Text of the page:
G.R. No. 124642, 23 February 2004
The Philippine Blooming Mills Company, Inc. (PBMCI) obtained a loan of P9,000,000 from the Allied Banking Corporation (ABC). As an added security for the said loan, Alfredo Ching, together with Emilio Tadeo and Chung Kiat Hua, executed a continuing guaranty with the ABC binding them to jointly and severally guarantee the payment of all the PBMCI obligations owing to the ABC. The PBMCI defaulted in the payment of all its loans.
Hence, the ABC filed a complaint for sum of money with prayer for a writ of preliminary attachment. Citing as one of the grounds for the writ was the fraud defendants employed in incurring the obligations by representing themselves as having the financial capacity to pay the loan when in fact they did not have such capacity. In the meantime, on July 26, 1983, the deputy sheriff of the trial court levied on attachment the 100,000 common shares of Citycorp stocks in the name of Alfredo Ching.
On November 16, 1993, Encarnacion T. Ching, assisted by her husband Alfredo Ching, filed a Motion to Set Aside the levy on attachment. She alleged inter alia that the 100,000 shares of stocks levied on by the sheriff were acquired by her and her husband during their marriage out of conjugal funds after the Citycorp Investment Philippines was established in 1974. She, likewise, alleged that being the wife of Alfredo Ching, she was a third-party claimant entitled to file a motion for the release of the properties. She attached therewith a copy of her marriage contract with Alfredo Ching.
Is the conjugal partnership liable for the payment of the liability?
Article 160 of the New Civil Code provides that all the properties acquired during the marriage are presumed to belong to the conjugal partnership; unless it be proved that it pertains exclusively to the husband, or to the wife. In Tan v. Court of Appeals, the court held that it is not even necessary to prove that the properties were acquired with funds of the partnership. As long as the properties were acquired by the parties during the marriage, they are presumed to be conjugal in nature. In fact, even when the manner in which the properties were acquired does not appear, the presumption will still apply, and the properties will still be considered conjugal. The presumption of the conjugal nature of the properties acquired during the marriage subsists in the absence of clear, satisfactory and convincing evidence to overcome the same.
In this case, the evidence adduced by the petitioners in the RTC is that the 100,000 shares of stocks in the Citycorp Investment Philippines were issued to and registered in its corporate books in the name of the petitioner-husband when the said corporation was incorporated on May 14, 1979. This was done during the subsistence of the marriage of the petitioner-spouses. The shares of stocks are, thus, presumed to be the conjugal partnership property of the petitioners. The private respondent failed to adduce evidence that the petitioner-husband acquired the stocks with his exclusive money. The barefaced fact that the shares of stocks were registered in the corporate books of Citycorp Investment Philippines solely in the name of the petitioner-husband does not constitute proof that the petitioner-husband, not the conjugal partnership, owned the same.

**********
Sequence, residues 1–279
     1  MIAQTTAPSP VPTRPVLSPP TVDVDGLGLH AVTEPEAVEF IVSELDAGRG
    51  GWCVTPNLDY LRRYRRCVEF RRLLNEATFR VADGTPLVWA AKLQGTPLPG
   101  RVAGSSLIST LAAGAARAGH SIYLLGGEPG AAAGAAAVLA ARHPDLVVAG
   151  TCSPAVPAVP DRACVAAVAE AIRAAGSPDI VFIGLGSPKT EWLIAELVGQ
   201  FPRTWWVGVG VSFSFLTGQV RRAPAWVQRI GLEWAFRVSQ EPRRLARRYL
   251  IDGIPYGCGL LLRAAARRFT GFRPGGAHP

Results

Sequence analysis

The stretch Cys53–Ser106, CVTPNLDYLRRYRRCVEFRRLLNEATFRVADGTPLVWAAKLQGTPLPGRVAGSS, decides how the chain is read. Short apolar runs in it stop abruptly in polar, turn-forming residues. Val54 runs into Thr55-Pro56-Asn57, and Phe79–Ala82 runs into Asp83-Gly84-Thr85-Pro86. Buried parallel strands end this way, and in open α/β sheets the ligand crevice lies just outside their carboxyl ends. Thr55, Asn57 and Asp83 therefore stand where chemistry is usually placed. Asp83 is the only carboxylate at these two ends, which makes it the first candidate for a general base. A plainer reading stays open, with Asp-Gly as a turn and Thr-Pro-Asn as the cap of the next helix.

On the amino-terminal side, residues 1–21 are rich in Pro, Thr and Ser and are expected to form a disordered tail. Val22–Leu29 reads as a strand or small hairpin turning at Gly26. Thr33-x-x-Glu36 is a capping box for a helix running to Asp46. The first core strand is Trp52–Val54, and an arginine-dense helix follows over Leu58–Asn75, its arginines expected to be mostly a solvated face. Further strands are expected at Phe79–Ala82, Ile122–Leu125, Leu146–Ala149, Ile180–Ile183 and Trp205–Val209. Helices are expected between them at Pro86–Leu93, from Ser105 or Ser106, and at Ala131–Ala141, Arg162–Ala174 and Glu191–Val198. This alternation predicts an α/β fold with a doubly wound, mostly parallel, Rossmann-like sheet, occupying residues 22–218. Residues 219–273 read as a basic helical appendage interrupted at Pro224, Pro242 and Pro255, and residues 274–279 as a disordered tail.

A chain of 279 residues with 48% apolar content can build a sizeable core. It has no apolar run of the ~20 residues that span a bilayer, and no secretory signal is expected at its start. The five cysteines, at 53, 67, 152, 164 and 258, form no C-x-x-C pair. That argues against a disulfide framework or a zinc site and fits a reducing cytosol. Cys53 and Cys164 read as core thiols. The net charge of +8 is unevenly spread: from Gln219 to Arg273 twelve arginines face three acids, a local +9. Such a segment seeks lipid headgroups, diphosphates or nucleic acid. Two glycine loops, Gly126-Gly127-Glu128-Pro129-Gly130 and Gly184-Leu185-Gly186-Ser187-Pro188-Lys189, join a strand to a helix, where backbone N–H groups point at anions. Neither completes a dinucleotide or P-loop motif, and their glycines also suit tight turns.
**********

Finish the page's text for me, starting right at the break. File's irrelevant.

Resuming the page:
For the conjugal partnership to be liable for a liability that should appertain to the husband alone there must be a showing that some advantages accrued to the spouses. Certainly, to make a conjugal partnership responsible for a liability that should appertain alone to one of the spouses is to frustrate the objective of the New Civil Code to show the utmost concern for the solidarity and well being of the family as a unit. The husband, therefore, is denied the power to assume unnecessary and unwarranted risks to the financial stability of the conjugal partnership.
In this case, the private respondent failed to prove that the conjugal partnership of the petitioners was benefited by the petitioner-husband’s act of executing a continuing guaranty and suretyship agreement with the private respondent for and in behalf of PBMCI. The contract of loan was between the private respondent and the PBMCI, solely for the benefit of the latter. No presumption can be inferred from the fact that when the petitioner-husband entered into an accommodation agreement or a contract of surety, the conjugal partnership would thereby be benefited. The private respondent was burdened to establish that such benefit redounded to the conjugal partnership.
If the husband himself is the principal obligor in the contract, i.e., he directly received the money and services to be used in or for his own business or his own profession, that contract falls within the term “… obligations for the benefit of the conjugal partnership.” Here, no actual benefit may be proved. It is enough that the benefit to the family is apparent at the time of the signing of the contract. From the very nature of the contract of loan or services, the family stands to benefit from the loan facility or services to be rendered to the business or profession of the husband. It is immaterial, if in the end, his business or profession fails or does not succeed. Simply stated, where the husband contracts obligations on behalf of the family business, the law presumes, and rightly so, that such obligation will redound to the benefit of the conjugal partnership. In this case, the petitioner-husband acted merely as a surety for the loan contracted by the PBMCI from the private respondent. The petition is GRANTED. The Decision and Resolution of the Court of Appeals are SET ASIDE AND REVERSED. The assailed orders of the RTC are AFFIRMED.
* Case digest by Paula Bianca B. Eguia, LLB-1, Andres Bonifacio Law School, SY 2017-2018